vitamin B12 deficiency, nutrition, plant based diet, health

Vitamin B12 deficiency: What vegetarians need to know

You might have heard about vitamin B12 deficiency. Deficiencies are rare, as the body is capable of storing many years of it. But, what are the symptoms? If you don’t use any animal products at all, you might want to take one of these pills every day or so.

I hear you (adults) need no more than about 2.5 micrograms a day. That’s a small amount. But, it may vary depending upon what your body requires and who you ask. I get my vitamins and minerals from whole fruits and vegetables. Vitamin B12 is the only vitamin pill I take.

So, if you take 1000 mcg’s like I do, (because I’ve been a vegetarian now for many years) knowledgeable sources say excess isn’t harmful to your system. I take it whenever I think about it. This might be every day, every other day or once a week. It just depends. I kind of go by ‘how I feel’. Maybe, you need one like mine once a month or so.

I use cyanocobalamin b12 1000 about mcg once a week: But, methylcobalamin is supposed to be better absorbed and retained

If you lack enough vitamin B12 you might suffer from

  • Decreased appetite
  • Weight loss
  • Weak muscles
  • Numbness or tingling feeling in hands and feet
  • Difficulty walking
  • Nausea
  • Anemia
  • Fatigue
  • Intestinal problems
  • Nerve damage
  • Irritability and/or mood disorders
  • Deficiency may be associated with heart and blood vessel disease
  • Dementia

What is vitamin B12? It’s actually bacteria found on vegetables pulled out of the ground, like on carrots. It is microorganisms found in the soil and water. Our distant ancestors spent many hours foraging for food.

They pulled up roots and tubers and ate them unwashed; and guess what? They got their vitamin B12 from eating these along with drinking water from a nearby stream (B12 producing organisms.)

B12 is the only vitamin vegetarians have to worry about the lack of. Protein is a macronutrient prospective vegetarians waste their time stressing out about not getting enough of.

We get higher quality protein from beans or legumes and lentils instead of animal meat and vitamins and minerals (micronutrients) from whole fruits and vegetables.

What about vitamin D deficiency? Glad you asked!

To conclude, it is also important to get out in the sun each day. When you get your skin red by the sun, that’s how vitamin D is made. Vitamin D is a hormone. It’s called the wonder vitamin because it does so many good things.

Many of us don’t get enough sun, therefore may be deficient in vitamin D. This is more prevalent than you might think, especially if where you live isn’t very sunny most of the year and you work inside in an office all the time.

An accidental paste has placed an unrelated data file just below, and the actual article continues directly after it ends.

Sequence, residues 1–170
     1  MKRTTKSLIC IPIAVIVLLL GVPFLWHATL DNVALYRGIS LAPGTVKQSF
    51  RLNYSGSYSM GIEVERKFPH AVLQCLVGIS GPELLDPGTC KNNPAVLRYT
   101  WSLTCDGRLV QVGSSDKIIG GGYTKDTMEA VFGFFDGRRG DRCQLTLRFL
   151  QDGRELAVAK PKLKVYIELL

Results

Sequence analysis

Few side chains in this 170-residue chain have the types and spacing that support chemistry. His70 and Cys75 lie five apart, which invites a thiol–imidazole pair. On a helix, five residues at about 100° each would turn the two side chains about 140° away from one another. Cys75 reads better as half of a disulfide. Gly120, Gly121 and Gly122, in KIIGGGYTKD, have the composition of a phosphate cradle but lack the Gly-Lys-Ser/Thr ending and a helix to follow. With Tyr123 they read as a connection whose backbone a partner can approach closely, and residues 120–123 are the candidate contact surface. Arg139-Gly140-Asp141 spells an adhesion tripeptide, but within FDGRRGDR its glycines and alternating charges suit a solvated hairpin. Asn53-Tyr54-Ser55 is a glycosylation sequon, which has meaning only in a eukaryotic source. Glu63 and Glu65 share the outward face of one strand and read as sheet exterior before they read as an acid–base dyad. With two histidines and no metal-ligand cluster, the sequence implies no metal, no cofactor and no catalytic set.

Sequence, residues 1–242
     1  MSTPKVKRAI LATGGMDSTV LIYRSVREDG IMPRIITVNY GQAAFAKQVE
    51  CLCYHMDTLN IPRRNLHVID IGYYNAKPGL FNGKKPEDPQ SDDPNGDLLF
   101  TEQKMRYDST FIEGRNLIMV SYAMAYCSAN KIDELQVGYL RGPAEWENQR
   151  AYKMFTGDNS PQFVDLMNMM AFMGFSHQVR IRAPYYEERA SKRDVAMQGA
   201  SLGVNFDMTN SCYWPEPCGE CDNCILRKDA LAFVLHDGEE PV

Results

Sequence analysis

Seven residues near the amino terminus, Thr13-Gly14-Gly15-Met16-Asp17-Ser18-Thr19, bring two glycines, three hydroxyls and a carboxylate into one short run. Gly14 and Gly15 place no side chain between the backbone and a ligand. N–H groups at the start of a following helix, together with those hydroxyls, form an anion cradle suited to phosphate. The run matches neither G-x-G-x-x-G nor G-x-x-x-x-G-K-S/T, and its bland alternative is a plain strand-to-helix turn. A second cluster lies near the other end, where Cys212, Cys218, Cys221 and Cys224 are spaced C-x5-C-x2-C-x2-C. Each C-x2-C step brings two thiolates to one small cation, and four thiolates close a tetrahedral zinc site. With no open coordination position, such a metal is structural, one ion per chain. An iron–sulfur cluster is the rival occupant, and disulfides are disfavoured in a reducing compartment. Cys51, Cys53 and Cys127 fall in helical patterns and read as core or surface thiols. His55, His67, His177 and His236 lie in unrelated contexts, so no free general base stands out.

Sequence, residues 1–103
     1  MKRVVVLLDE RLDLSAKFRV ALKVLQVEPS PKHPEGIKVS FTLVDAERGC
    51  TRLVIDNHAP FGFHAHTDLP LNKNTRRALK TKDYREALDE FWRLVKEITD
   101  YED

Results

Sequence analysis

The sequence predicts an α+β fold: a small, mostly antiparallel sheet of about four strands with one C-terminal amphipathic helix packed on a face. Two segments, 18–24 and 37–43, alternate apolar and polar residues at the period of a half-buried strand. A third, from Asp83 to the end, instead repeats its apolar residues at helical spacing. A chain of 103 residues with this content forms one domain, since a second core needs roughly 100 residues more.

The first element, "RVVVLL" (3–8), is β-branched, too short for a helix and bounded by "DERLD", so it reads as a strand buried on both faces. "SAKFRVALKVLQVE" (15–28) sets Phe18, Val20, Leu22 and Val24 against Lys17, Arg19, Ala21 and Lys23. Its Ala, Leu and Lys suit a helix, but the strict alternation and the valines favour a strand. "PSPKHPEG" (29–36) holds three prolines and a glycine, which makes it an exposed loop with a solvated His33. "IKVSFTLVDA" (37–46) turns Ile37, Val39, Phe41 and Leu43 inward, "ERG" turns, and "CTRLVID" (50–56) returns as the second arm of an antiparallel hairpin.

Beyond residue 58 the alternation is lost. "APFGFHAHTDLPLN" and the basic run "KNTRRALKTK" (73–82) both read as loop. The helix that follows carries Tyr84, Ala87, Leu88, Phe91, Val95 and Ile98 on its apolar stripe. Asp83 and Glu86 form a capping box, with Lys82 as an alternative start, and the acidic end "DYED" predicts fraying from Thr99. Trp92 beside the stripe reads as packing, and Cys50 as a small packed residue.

Remember, we aren’t meant to be cave dwellers! Thousands and thousands of years ago, we humans did things like stay outside and pick berries.

Vitamin D deficiency symptoms may include…

  • Bone pain
  • Muscle weakness
  • If you have dark skin, you may need ten times as much sun!
  • You are feeling down, blue or depressed
  • You are older than 50
  • You are obese or overweight
  • You sweat excessively
  • If you have any intestinal trouble, this may inhibit vitamin D absorption
  • Don’t run from the sun, drink filtered water and breathe fresh air!

Lastly, our bodies do have a store of b12, but if you feel you are running low, you might need a supplement if you don’t consume animal products. The daily RDA if you are 14+ years old is 2.4 mcg’s per day [1 ods.od.nih.gov]. See how you feel after you take it.

But, you take more than the recommended daily amount, (of which I take 1000 mcg’s whenever I think of it) your body sheds off the excess. From what I hear, there is no toxicity with how much vitamin b12 you take.

Source-

1 URL ods.od.nih.gov/factsheets/VitaminB12-HealthProfessional/
Website Title NIH Office of Dietary Supplements
Article Title Office of Dietary Supplements – Vitamin B12
Date Accessed January 25, 2018

Note- before you change your diet contact your doctor.

Advertisements

One thought on “Vitamin B12 deficiency: What vegetarians need to know”

Leave a Reply

Fill in your details below or click an icon to log in:

WordPress.com Logo

You are commenting using your WordPress.com account. Log Out /  Change )

Google+ photo

You are commenting using your Google+ account. Log Out /  Change )

Twitter picture

You are commenting using your Twitter account. Log Out /  Change )

Facebook photo

You are commenting using your Facebook account. Log Out /  Change )

Connecting to %s